Healing After #ChapelHillShooting

Until Yusor Abu-Salha, her husband Deah Barakat and her sister Razan Abu-Salha, three young people who practice the Muslim faith, were shot to death on February 10, 2015 in Chapel Hill, many of us likely had not thought much about Islamophobia or that our community, one of the most liberal in the state, might harbor such sentiments. But we are not immune, as a search for the hashtag #NotsafeUNC will bare out. For example, at the time of these murders, I was teaching a course at UNC that happened to have two Muslim students enrolled. They were both close friends of the young people who were murdered. As my TAs and I worked to accommodate our students’ need to grieve and deal with the fear brought on by these hate killings, we heard that not all Muslim students at UNC were met with compassion.

Since February, the white man responsible has been caught, students have left for the summer and the reporting on the aftermath of these killings has gone silent, making it seem that any response to the murders is over. Recently, however, I was in Raleigh at a program on anti-Islamophobia and anti-racism and got to talking to the gentleman seated next to me. He turned out to be a leader with the Islamic Association of Raleigh (IAR) and wanted to let me know how appreciative he was of the efforts our town had been making in the wake of the murders.

I’d heard immediately following the murders that some community meetings were planned, but further details have not been widespread. So, I asked. Chief Blue let me know that he has been attending meetings at the IAR and that one of our police officers worships there. This officer has been talking with IAR youth about community relations with law enforcement.

Mayor Kleinschmidt also let me know what his office has been doing. In collaboration with the Mayor’s office, our Ombuds’ office has been facilitating discussions with Muslim representatives in our community, representatives from the Chapel Hill Police Department, UNC, the Chapel Hill Carrboro City Schools, and the North Carolina Disaster Response Network.  A steering committee, called the Steering Committee for Muslim Inclusion, Engagement, & Safety, has been formed with the goals of fostering a welcoming community that provides a sense of safety for our Muslim neighbors.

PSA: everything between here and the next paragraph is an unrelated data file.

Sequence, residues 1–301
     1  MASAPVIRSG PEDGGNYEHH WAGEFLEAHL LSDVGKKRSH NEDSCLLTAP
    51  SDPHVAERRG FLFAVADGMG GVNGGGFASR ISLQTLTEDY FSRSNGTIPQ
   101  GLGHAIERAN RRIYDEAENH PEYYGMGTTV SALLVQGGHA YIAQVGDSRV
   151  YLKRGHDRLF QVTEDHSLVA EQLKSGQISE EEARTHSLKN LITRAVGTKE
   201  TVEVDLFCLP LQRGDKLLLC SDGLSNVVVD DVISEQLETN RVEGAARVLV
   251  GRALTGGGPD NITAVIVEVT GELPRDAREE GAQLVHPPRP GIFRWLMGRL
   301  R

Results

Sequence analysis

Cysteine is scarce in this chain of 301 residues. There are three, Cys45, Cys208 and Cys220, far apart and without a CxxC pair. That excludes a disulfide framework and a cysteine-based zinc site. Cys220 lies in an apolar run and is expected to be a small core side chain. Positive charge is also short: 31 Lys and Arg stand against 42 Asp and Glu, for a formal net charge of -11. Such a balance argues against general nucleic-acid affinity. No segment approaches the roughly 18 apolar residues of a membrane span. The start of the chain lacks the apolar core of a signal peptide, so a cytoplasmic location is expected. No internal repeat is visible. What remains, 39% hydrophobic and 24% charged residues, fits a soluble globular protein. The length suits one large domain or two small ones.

One plan is for a Triangle American Muslim Festival in the coming year similar to Fiesta del Pueblo to help residents learn more about Islam including culture, food, customs, clothing, colors, and music. In addition, Mayor Kleinschmidt, in conjunction with the Chapel Hill Carrboro Chamber of Commerce, is planning a small business roundtable this summer for Muslim business owners to learn about their experiences and whether there are ways our community can make them feel safer. Many are convenience store owners with no control over who walks in their front door. The goal is to provide these business owners with easy access to resources to help them stabilize volatile situations that may arise with Islamophobic customers.

Other plans to tackle Islamophobia in our community are also underway. UNC’s Playmaker’s Repertory Company will stage ‘Disgraced’ from September 16th to October 4th. This play focuses on a Pakistani-American lawyer who has distanced himself from his Muslim heritage. The Chapel Hill Public Library is planning a second in their “Between the Lines” Community Conversation series (the first focused on the ‘King & King’ children’s book), this time focused on Islam. This Community Conversation is scheduled for late September. The Steering Committee for Muslim Inclusion, Engagement, & Safety is planning an accompanying service event tied to the Between the Lines conversation. Last, the Chapel Hill Carrboro City Schools is convening an Equity Task Force to address bullying of children who practice the Muslim faith.

I will continue to provide updates here about related events in our community as more information becomes available.


Molly, As a candidate for Chapel Hill Mayor, I agree with you, that is why  as mayor I hope  we can make a statement of how united as a community we are, I pledge and I hope I can work with the community  at the towns Christmas tree lighting  we have symbols in addition to the tree, a Monorah to celebrate Chanukah, and the lights to celebrate Kawanza as well. Gary Kahn


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